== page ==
Improving General Practice Sustainability Group: 2019 Report

Progress report based on the workings of the Sustainability Working group and the recommendations of the 2017 Sustainability Report.

2. Context

As many elements of the recommendations, particularly relating to the Action Plan, are covered within the new GMS contract developments, it may help to outline the key developments that have taken place since the 2017 Report was published. They include:

  • Publication of the 2018 Scottish General Medical Services Contract Offer sets out the distinctive new direction for general practice in Scotland which will improve access for patients, improve population health including mental health, provide financial stability for GPs, and reduce GP workload through the expansion of the primary care multidisciplinary team.
  • Publication of a co-produced Memorandum of Understanding (MoU) between Scottish Government, British Medical Association, Integration Authorities and NHS Boards[6], in November 2017, which sets out agreed principles of service redesign, key partner roles and responsibilities, the establishment of Primary Care Improvement Plans (PCIPs) and the new national and local oversight arrangements for the contract and PCIPs.
  • The 2017 National Code of Practice for GP Premises sets out the Scottish Government's plan to facilitate the shift to a model which does not entail GPs providing their practice premises. Amongst other things, this included the introduction of new interest free sustainability loans for GP owned premises supported by additional £30 million investment over the next three years.
  • The Information Commissioner's Office now advises that GPs and their contacting Health Boards have joint data controller processing responsibilities towards any shared elements of the GP patient record. The new contract recognises that GPs are joint data controllers along with their contracting NHS Board. In this way, GP contractors will not be exposed to liabilities beyond their control. Further detail on premises and infrastructure initiatives can be found in the good working practice and general sustainability sections of the sustainability action plan.
  • The third section of the National Workforce Plan: National Health and Social Care Workforce Plan: part 3, was published on 30 April 2018, sets out the Scottish Government's approach to recruiting 800 more doctors to general practice over the next decade and supporting and retaining the existing workforce. This is supported by an additional £7.5 million investment in 2018-19 to improve GP recruitment and retention, £2 million of that will be specifically to support remote and rural initiatives to attract and retain GPs in rural communities. Improved workforce planning which considers demand on services and an ageing population as well as a workforce is key to our national approach to workforce planning.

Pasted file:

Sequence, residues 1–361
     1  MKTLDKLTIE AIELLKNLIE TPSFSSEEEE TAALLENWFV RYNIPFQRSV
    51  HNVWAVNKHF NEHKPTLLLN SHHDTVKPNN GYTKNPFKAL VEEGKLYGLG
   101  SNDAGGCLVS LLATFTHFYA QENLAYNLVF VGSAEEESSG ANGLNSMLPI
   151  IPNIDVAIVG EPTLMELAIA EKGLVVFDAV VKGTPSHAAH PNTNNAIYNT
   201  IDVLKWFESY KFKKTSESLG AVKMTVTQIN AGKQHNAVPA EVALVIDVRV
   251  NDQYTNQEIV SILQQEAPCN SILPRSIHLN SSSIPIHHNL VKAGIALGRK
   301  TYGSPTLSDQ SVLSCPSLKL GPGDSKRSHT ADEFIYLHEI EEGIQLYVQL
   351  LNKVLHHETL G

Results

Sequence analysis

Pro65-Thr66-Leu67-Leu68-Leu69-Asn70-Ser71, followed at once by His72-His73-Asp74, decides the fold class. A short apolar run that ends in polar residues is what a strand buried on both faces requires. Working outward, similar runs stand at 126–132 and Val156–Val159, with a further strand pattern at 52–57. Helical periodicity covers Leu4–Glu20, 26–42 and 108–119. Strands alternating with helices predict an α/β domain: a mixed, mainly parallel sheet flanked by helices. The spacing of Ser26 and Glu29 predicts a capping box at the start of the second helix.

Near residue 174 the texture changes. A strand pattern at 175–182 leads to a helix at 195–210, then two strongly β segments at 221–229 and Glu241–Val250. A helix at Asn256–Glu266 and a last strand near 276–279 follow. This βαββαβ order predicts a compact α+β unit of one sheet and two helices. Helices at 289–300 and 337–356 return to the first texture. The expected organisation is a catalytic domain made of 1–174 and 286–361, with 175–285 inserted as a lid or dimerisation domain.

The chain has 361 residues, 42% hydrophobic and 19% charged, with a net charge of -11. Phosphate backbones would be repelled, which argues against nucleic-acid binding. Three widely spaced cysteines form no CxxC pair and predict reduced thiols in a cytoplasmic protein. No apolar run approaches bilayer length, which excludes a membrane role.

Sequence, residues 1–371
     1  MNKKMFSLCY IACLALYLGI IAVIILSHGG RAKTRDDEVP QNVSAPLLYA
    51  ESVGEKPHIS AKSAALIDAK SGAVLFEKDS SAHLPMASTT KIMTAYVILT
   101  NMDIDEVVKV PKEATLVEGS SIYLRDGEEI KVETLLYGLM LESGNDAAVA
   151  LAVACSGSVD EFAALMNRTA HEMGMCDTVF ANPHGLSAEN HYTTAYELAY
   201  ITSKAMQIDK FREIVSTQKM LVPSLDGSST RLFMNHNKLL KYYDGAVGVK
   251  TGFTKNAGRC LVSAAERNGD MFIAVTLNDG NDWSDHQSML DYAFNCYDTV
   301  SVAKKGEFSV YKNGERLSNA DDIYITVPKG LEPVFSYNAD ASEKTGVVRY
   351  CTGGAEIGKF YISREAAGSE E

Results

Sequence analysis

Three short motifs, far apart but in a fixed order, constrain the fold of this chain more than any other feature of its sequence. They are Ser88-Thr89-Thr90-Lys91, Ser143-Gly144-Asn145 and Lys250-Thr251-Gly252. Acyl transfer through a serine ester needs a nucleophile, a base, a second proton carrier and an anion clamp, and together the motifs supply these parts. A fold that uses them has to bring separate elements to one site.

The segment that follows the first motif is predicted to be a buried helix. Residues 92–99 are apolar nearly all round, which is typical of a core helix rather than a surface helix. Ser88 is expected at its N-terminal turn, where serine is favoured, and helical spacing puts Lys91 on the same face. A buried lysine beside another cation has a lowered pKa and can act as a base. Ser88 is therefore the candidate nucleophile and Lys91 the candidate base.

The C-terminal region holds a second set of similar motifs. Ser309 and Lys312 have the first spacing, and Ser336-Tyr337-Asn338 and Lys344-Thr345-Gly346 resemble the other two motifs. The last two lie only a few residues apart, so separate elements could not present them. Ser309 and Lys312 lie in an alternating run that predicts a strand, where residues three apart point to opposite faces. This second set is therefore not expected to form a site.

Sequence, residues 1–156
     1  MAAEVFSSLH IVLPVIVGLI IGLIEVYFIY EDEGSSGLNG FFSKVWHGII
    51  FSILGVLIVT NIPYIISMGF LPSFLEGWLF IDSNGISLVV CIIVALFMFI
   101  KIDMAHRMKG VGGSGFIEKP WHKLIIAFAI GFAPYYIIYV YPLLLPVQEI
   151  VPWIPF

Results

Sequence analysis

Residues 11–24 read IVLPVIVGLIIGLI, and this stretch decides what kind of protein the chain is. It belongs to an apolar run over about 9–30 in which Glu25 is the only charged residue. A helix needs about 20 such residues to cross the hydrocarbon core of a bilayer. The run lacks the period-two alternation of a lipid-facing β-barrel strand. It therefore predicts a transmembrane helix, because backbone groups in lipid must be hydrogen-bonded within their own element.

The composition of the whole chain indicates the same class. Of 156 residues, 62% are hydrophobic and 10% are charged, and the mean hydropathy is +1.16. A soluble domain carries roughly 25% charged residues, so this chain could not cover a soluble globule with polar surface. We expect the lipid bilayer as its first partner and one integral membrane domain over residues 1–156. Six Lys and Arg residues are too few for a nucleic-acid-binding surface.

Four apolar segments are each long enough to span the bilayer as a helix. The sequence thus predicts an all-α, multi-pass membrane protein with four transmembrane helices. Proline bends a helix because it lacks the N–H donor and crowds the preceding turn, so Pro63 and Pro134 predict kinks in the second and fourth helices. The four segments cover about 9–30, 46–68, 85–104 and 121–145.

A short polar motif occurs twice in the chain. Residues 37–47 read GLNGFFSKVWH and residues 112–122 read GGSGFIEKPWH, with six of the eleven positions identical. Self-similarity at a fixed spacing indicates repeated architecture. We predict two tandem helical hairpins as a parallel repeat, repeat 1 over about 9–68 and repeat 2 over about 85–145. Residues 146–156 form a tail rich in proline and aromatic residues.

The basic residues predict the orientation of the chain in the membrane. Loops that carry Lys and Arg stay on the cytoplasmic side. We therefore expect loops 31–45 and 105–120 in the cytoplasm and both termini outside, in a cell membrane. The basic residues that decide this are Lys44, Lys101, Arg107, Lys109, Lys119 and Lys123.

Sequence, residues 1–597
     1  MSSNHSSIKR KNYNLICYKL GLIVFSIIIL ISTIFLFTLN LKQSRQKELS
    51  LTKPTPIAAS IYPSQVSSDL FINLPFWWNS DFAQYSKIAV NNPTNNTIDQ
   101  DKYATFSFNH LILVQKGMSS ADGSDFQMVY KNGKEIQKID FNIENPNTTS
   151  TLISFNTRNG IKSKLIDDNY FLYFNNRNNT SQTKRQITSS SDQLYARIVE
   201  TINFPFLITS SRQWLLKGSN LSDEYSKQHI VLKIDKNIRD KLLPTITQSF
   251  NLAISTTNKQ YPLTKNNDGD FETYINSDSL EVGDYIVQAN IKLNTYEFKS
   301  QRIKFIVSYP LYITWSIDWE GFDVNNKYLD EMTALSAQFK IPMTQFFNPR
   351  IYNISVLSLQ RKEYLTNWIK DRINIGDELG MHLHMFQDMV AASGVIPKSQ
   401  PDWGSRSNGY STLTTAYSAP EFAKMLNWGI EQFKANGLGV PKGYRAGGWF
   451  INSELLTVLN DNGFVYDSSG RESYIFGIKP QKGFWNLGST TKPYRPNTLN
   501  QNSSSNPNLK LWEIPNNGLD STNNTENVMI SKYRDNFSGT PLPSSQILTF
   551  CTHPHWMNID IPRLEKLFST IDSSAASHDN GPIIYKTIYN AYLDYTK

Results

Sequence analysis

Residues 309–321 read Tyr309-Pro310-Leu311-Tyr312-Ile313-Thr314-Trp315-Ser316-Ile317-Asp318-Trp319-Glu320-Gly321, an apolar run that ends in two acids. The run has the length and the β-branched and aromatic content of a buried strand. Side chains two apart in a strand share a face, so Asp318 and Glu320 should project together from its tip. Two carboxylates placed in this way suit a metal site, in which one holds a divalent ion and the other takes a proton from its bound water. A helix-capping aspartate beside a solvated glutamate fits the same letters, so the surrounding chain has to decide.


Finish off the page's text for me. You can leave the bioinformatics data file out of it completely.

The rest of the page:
• Scottish Ministers have also committed to a significant expansion of the multidisciplinary team, including the training of 500 advanced nurse practitioners,[7] 250 Community Link Workers to be in place by 2021, and 1000 paramedics to work in the community. General practice will further be supported by ensuring all practices are given access to a pharmacist by the end of this parliamentary period. An additional investment of £6.9 million will be made in nursing in primary care, particularly general practice nursing, district nursing and community nursing.
  • The passing of Scottish Government Budget Bill in February 2018, confirming an increase in the Primary Care Fund from £72 million in 2017-18 to £110 million in 2018-19. This includes £100 million to support implementation of the new GP contract and wider primary care reform including a new Primary Care Improvement Fund, totalling £45.750 million, allocated to Integration Authorities in 2018-19 to fund delivery of the MOU service redesign priorities set out in local Primary Care Improvement Plans.


Email: Hilary Lagha

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